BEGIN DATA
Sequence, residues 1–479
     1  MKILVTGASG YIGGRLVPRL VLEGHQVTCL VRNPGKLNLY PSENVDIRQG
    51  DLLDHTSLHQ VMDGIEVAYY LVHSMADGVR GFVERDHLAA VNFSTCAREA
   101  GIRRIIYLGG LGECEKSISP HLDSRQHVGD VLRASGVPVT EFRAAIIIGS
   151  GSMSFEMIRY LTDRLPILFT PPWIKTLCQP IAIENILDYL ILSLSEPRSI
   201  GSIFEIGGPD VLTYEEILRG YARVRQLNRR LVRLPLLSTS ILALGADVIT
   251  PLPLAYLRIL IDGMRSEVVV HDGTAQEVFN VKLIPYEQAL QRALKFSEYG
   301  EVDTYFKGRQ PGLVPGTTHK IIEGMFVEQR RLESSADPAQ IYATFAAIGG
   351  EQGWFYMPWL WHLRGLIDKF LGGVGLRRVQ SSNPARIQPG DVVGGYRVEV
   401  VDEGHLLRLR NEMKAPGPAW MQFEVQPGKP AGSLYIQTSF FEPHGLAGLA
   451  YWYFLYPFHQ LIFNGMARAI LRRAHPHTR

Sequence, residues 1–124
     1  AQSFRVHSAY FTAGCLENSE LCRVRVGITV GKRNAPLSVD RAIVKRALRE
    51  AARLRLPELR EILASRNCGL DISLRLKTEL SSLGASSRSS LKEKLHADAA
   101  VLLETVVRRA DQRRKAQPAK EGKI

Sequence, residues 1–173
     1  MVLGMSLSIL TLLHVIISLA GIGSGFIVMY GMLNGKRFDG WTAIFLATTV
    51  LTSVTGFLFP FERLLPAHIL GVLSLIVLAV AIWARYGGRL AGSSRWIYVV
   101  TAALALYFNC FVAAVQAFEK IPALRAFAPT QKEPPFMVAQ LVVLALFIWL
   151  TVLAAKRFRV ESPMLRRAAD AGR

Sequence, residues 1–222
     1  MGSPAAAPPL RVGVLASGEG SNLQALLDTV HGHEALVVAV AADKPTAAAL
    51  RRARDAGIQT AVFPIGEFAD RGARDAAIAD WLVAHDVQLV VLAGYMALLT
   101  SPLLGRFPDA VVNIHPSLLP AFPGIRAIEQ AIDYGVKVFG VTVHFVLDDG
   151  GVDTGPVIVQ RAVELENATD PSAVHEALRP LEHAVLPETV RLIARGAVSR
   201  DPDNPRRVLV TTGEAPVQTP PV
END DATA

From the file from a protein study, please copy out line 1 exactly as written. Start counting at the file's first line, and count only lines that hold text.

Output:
Sequence, residues 1–479